The Army on its slight increase in recruiting women and minorities: Please clap
“To me, there is no cap — when you look at all the demographics, gender, whether its minorities — there is no cap that we will follow."
The Army brought in slightly more women into the ranks last year then they have in years past, but service leaders acknowledged on Friday that there’s still work to be done.
Maj. Gen. Kevin Vereen, the head of U.S. Army Recruiting Command, told reporters in a call on Friday that 18.1% of recruits for the regular Army in Fiscal Year 2020 were women, up from 17.8% in 2019, and 17.1% in 2018.
The Army is still “not where we need to be,” Vereen said, who attributed the modest increase to having more women work in Army recruiting. “I can’t overstate the effectiveness” of female recruiters, he said.
“It’s worth its weight in gold,” Vereen said. “I tell all my male recruiting non-commissioned officers that you can’t walk in a female’s shoes and explain the experiences of what will occur as a female in our Army … we have really pushed to get more females in recruiting, and that to me has probably been the number one factor that has helped us in trying to grow the population of females in the Army.”
Emma Moore, a researcher at the Center for a New American Security, a nonpartisan think tank, told Task & Purpose that the increase is a good sign, but “a one percent increase over a two year period is … not the leap I think I would like to see.”
“It’s all well and good to recruit women,” Moore said. “But whether or not they can keep them in the service is another big question.”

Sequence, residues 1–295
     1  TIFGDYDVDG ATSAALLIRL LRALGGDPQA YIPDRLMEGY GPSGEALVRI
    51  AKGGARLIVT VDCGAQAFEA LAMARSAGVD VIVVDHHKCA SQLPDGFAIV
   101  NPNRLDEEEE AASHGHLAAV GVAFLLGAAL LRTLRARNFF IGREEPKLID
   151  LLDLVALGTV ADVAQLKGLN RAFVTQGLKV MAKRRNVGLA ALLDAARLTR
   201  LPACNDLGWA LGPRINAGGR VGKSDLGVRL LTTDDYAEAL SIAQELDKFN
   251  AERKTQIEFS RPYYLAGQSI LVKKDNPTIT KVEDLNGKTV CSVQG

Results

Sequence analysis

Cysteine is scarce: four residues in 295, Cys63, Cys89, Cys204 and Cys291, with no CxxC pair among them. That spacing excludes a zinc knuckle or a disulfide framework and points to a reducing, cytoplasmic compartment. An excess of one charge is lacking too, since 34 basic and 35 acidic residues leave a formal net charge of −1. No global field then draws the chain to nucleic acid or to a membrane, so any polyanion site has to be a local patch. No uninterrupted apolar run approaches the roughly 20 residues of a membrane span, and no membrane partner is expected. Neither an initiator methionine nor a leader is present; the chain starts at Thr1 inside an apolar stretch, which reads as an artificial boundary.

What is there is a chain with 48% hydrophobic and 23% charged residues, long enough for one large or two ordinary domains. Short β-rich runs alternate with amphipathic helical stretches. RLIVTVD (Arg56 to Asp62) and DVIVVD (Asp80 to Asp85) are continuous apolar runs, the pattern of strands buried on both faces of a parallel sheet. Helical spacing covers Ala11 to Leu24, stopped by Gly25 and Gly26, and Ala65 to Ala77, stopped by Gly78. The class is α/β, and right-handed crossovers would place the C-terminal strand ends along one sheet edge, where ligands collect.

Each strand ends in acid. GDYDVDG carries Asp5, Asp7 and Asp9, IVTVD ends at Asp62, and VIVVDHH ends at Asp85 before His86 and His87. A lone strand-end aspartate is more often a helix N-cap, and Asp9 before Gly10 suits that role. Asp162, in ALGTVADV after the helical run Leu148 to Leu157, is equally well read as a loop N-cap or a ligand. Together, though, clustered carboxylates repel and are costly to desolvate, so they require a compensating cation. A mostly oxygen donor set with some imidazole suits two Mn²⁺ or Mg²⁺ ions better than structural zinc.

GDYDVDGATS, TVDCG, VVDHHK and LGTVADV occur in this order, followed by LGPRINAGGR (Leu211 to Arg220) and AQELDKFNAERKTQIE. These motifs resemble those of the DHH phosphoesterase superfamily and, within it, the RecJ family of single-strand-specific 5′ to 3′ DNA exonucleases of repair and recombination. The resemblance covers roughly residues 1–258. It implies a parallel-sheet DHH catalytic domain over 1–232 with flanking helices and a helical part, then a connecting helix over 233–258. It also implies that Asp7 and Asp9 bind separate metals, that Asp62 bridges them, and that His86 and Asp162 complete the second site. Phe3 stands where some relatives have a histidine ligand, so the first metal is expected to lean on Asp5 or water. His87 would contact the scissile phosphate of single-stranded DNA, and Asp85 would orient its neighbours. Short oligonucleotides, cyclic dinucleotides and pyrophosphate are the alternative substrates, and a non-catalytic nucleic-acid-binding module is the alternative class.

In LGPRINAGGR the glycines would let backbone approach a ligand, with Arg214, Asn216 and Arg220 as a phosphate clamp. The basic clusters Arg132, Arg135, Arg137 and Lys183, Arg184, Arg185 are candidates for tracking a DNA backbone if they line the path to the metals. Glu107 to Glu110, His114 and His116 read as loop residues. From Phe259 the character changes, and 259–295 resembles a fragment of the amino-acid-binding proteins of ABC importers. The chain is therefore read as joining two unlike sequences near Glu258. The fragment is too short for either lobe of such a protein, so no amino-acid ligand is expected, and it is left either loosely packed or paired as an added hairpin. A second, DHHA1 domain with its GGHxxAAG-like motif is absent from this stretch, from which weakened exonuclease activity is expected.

Lt. Gen. Gary Brito, the Army deputy chief of staff for personnel, announced on Friday that the service exceeded its goal for the total number of soldiers it wanted to have at the end of fiscal year 2020 by a little over 300 soldiers, reaching a force of 485,383 total soldiers.
The service adjusted the number of soldiers it was recruiting in 2020 after surpassing its goal in 2019. And next year, the Army is aiming to increase its total number by somewhere between 1,000 to 1,500 soldiers.
The Army’s recruitment ran into a challenge — like everyone and everything else this year — with the novel coronavirus (COVID-19) pandemic. In March, service leaders announced that they were moving to 100% virtual recruiting. Then a few months later in June, the Army set off on a three-day recruiting spree from June 30 to July 2 called the Army National Hiring Days, during which they attempted to bring in 10,000 new soldiers.
It’s still unclear how many soldiers they actually brought in during those three days. Vereen said on Friday that they are “still assessing the numbers” and they may not know the final results for a few more months as potential recruits who reached out during the hiring days continue signing contracts.
Last year’s recruiting haul saw 47% of recruits coming from minority populations, Vereen added — just a small increase from years past, which is usually in the low 40s, he said.
The Army’s push for diversity and inclusion has only increased in recent months, and on Friday the service leaders made assurances that they were continuing to look at ways to improve recruitment with minorities in the officer ranks specifically, as well as within the broader Army.
“To me, there is no cap — when you look at all the demographics, gender, whether its minorities — there is no cap that we will follow,” Vereen said. “We want to give everybody the opportunity to serve in the military, and that’s really our goal.”